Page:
Old English ful "rotten, unclean, vile, corrupt, offensive to the senses," from Proto-Germanic *fulaz (source also of Old Saxon and Old Frisian ful, Middle Dutch voul, Dutch vuil, Old High German fül, German faul, Gothic füls), from PIE *pu- (2) "to rot, decay," perhaps from the sound made in reaction to smelling something bad (see pus).
Old English ful occasionally meant "ugly" (as contrasted with fæger (adj.), modern fair (adj.)), and this sense became frequent in Middle English. The cognate in Swedish is the usual word for "ugly." Of weather from mid-14c. In the sporting sense of "irregular, unfair, contrary to established rule or practice" it is first attested 1797, though foul play is recorded from mid-15c. Baseball sense of "out of play" attested by 1860.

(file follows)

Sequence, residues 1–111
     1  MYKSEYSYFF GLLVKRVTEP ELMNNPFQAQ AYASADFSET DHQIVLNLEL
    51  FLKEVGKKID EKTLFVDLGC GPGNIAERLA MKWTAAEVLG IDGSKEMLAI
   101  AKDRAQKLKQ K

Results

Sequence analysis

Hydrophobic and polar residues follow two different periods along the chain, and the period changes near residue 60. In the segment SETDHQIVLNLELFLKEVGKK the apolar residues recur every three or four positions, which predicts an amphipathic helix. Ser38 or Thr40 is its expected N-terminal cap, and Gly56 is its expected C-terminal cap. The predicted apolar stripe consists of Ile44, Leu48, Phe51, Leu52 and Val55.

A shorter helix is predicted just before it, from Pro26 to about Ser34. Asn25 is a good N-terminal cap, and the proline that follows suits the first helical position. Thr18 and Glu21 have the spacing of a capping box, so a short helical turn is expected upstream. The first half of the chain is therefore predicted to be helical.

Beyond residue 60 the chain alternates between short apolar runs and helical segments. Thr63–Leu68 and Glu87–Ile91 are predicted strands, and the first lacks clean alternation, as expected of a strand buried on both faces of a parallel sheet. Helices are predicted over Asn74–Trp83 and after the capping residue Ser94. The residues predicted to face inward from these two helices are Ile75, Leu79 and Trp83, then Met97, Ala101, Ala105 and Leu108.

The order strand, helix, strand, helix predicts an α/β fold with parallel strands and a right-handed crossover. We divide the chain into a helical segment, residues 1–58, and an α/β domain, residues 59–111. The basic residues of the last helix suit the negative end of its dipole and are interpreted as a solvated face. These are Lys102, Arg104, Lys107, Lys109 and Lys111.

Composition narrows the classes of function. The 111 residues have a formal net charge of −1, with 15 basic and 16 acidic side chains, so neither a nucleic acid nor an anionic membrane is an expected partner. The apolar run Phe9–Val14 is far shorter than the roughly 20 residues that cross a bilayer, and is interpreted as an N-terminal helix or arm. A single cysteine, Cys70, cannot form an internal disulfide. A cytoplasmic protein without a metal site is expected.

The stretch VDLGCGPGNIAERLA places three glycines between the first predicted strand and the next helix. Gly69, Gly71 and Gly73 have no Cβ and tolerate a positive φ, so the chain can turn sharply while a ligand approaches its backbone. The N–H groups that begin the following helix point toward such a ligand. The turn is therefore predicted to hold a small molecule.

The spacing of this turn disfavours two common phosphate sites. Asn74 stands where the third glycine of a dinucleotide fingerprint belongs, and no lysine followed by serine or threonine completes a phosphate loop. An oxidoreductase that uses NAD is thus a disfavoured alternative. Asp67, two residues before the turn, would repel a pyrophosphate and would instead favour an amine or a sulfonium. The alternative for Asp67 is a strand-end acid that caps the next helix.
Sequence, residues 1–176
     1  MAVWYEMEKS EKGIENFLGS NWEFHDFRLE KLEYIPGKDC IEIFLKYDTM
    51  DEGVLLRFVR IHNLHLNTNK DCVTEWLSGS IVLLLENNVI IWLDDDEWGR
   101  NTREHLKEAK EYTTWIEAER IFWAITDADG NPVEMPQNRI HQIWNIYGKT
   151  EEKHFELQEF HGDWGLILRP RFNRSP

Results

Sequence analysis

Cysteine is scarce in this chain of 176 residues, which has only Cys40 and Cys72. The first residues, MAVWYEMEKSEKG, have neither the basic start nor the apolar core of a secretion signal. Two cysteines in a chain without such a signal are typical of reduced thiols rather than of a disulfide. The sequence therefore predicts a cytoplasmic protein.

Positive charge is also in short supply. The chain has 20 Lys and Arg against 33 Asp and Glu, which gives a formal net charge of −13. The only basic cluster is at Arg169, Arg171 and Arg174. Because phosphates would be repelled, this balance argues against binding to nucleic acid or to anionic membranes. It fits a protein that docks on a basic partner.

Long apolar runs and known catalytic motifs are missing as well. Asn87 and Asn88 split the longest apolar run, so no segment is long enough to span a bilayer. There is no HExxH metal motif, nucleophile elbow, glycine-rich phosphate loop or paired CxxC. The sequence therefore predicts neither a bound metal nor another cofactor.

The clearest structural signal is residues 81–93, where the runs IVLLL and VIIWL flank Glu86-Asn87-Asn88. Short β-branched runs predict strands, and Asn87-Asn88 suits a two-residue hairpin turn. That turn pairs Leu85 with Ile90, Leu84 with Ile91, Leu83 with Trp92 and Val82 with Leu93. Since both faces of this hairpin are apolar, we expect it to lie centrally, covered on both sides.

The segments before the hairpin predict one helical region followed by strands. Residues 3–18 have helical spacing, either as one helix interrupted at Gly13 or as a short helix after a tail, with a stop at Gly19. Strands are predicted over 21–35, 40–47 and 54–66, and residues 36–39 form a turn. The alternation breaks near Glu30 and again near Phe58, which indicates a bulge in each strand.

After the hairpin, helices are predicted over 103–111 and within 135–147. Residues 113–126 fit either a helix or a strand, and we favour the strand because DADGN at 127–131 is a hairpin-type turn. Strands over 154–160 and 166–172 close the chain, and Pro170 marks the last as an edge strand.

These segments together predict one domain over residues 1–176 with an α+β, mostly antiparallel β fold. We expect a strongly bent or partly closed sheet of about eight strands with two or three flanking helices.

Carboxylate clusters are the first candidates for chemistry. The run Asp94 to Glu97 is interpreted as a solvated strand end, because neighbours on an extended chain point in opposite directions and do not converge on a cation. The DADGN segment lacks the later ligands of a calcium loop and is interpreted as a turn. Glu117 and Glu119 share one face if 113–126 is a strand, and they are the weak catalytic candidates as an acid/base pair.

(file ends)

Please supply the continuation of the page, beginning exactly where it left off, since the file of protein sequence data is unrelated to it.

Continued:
Old English fulian "to become foul, rot, decay," from ful (see foul (adj.)). Transitive meaning "make foul, pollute" is from c. 1200. Meaning "become entangled" (chiefly nautical) is from 1832, probably from foul (adj.) in the sense "obstructed by anything fixed or attached" (late 15c.). "A term generally used in contrast to clear, and implies entangled, embarrassed or contrary to: e.g. to foul the helm, to find steerage impracticable owing to the rudder becoming entangled with rope or other gear" [Sir Geoffrey Callender, "Sea Passages," 1943]. Related: Fouled; fouling. Hence also foul anchor (1769), one with the slack of the cable twisted round the stock or a fluke; noted by 1832 as naval insignia.